Last weekend, I finally got the chance to hike into Yellow Jacket Canyon in the far SW corner of Colorado. This site is famous among Colorado birders as the only reliable spot in the state for breeding Lucy's Warblers. I almost got the chance to visit in 2004, but the flu kept me in my Montrose hotel room then as my buddies went in to get the bird for their Colorado lists. Fortunately, Lucy's has bred there every year since (and probably has bred there for a long time prior to the 2004 discovery), and one of the first birds we put our bins on once we reached the riparian cottonwoods was a Lucy's! I was there as part of my Ute Mountain/Mesa Verde Birding Festival itinerary. Coen Dexter and Brenda Wright led the trip, involving a hike in of about 1.5 miles through pinon/juniper scrubland and rimrock to get to the riparian strip of Yellow Jacket creek. Gray birds, noteably Gray Vireos and Gray Flycatchers, serenaded us on the way in and out along with Black-throated Sparrows and Black-throated Gray Warblers. Lovely birds all, but no good bird photo opps to speak of this time (group trips aren't ideal for bird photography...) So I looked for herps and cactus blooms to fill some memory card space instead.
While trying for better looks at the Lucy's Warbler pair that was foraging up and down the creek bottom we saw an immature male Summer Tanager- another very nice bird for the state. Bushtits were around, and one revealed its nest as it brought food into the tube sock-like structure.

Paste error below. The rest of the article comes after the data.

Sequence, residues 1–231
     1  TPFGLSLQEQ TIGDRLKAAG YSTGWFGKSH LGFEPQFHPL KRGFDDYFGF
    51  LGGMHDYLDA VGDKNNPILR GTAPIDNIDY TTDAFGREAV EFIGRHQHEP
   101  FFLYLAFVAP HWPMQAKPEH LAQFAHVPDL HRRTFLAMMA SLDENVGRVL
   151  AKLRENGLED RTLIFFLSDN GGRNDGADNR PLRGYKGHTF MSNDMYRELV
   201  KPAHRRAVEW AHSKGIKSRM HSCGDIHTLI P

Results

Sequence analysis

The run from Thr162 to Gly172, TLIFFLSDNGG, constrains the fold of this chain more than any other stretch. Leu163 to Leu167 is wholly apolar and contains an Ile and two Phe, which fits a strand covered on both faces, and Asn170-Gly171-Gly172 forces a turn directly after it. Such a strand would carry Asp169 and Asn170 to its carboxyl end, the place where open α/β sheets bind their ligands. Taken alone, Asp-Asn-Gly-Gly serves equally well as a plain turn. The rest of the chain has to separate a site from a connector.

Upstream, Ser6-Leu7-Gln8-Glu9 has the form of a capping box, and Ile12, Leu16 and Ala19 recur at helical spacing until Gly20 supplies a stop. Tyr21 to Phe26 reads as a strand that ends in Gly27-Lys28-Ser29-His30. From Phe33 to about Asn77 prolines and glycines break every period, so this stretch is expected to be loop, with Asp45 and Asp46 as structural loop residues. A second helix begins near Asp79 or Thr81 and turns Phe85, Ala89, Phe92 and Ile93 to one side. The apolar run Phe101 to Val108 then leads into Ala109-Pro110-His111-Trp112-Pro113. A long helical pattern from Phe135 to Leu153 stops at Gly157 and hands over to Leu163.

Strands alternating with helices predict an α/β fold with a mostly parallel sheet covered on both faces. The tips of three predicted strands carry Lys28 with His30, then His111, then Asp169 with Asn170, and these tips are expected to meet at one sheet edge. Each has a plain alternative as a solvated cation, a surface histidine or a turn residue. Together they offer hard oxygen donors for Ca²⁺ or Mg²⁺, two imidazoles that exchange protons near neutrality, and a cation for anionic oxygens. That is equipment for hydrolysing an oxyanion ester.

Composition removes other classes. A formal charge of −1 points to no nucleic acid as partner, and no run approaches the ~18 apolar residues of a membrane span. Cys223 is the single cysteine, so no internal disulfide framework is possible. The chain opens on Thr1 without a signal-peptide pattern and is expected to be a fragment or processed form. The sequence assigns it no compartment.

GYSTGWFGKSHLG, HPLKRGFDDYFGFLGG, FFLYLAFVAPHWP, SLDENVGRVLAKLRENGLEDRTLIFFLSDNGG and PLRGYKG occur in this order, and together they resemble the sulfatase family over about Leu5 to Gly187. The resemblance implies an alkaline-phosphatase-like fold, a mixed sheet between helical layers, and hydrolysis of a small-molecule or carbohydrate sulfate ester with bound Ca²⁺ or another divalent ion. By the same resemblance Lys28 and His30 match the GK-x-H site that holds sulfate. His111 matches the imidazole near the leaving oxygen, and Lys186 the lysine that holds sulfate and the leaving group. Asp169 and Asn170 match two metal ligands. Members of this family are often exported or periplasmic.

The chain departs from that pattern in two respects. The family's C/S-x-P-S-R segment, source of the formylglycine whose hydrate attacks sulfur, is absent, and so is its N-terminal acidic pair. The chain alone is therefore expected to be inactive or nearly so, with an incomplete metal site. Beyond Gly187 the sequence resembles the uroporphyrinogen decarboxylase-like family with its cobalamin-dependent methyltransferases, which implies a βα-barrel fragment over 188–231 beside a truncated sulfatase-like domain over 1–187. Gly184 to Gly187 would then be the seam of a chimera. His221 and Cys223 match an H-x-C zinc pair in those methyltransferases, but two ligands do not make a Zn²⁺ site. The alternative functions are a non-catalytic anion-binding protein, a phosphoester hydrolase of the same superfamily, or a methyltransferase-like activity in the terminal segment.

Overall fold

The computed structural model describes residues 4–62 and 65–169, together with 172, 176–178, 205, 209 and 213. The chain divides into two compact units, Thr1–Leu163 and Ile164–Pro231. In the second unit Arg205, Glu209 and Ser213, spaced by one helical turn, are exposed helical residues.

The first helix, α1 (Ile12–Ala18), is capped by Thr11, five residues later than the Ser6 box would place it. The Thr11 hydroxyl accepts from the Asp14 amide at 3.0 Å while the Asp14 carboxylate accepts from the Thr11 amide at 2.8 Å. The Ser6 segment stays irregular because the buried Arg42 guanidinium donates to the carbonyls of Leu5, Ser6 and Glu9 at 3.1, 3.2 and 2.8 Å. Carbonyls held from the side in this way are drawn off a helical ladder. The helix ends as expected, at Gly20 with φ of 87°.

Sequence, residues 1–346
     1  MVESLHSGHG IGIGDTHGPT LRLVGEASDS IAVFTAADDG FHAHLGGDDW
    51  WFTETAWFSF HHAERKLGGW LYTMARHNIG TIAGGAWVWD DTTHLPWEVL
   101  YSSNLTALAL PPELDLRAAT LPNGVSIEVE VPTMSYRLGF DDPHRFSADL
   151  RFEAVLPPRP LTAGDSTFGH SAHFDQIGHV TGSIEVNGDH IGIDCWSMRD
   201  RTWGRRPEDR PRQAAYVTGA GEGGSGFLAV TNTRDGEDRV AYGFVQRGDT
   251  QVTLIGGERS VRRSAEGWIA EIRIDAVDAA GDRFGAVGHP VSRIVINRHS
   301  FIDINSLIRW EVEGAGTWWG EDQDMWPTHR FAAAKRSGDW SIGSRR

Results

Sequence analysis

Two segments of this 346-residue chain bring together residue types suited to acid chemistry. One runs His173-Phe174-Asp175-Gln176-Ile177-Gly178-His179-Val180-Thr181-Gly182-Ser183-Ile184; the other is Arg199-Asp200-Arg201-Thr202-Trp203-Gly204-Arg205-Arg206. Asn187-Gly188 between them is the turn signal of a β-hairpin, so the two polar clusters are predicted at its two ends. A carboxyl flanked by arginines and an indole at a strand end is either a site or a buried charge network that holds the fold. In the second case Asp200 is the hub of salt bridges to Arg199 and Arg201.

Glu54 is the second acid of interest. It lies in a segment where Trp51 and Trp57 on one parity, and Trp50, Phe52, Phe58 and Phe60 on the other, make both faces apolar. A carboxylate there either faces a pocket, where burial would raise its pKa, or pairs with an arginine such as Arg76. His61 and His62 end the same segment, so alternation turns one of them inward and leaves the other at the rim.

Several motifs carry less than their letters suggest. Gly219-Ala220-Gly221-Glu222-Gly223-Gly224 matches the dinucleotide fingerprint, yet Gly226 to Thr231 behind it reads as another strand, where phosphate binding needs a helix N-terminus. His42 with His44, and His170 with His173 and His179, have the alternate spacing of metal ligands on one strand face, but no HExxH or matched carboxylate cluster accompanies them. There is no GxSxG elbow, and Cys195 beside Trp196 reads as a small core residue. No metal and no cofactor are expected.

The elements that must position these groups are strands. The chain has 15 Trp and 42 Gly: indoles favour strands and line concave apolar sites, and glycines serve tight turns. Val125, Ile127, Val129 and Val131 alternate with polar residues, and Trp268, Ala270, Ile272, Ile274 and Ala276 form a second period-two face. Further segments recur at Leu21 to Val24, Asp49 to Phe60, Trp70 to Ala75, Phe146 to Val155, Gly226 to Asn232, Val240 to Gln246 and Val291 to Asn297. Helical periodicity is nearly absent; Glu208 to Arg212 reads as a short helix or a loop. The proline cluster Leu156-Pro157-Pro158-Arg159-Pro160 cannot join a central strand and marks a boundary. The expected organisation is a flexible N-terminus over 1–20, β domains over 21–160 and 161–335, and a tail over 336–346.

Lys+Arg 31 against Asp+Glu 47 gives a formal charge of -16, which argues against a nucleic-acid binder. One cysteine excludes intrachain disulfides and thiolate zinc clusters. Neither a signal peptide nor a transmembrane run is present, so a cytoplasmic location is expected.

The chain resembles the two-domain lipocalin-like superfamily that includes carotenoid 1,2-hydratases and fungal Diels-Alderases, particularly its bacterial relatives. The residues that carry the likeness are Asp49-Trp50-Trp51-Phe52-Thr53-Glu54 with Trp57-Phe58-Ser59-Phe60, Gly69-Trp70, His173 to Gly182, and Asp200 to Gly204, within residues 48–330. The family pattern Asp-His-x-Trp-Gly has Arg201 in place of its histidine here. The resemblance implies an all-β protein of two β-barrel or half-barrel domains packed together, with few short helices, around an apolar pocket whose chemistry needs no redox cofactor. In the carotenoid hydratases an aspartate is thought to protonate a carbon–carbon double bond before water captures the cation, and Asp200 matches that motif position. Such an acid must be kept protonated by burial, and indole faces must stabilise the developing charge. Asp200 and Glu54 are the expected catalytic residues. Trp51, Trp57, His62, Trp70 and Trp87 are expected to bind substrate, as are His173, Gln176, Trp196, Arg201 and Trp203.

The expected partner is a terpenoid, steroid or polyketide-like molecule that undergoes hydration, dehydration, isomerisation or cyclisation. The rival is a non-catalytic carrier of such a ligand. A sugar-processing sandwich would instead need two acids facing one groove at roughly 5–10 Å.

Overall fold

There are almost certainly more Lucy's Warbler spots in that part of the state, but access to the riparian strips is mostly private around there. Homesteaders snatched up these wet strips long ago for their ranch headquarters and hay meadows (who can blame them?), leaving the dry scrublands as open range (now mostly BLM lands.) I'd say the place has more of a Utah/Arizona feel to it, which isn't surprising since Yellow Jacket Canyon is just a Long-nosed Leopard Lizard's leap away from both states! Speaking of which, this Long-nosed Leopard Lizard was certainly the non-bird wildlife highlight for me- a lifer herp.
We wrapped up by stopping at a bridge along a county road on the way back to Cortez, with a mud-speckled nest-building Black Phoebe as our reward. Another west-slope specialty for Colorado, Black Phoebes seem to only build nests overhanging moving water, so either steep rock outcrops rising from rivers or bridges are often the best place to look for them. I was looking almost straight down at this bird through a gap in the bridge- an unusual angle but kind of cool results when it looked up to see what was making those strange clicking sounds above it.
Many thanks to the Ute Mountain/Mesa Verde Birding Festival for having me- I really enjoyed speaking there and had a great time on my field trips. I feel like I just got the teaser tour and would love to go back for more in-depth exploration of that undervisited corner of Colorado!!
Spring Migration 2017, Part 2
2 months ago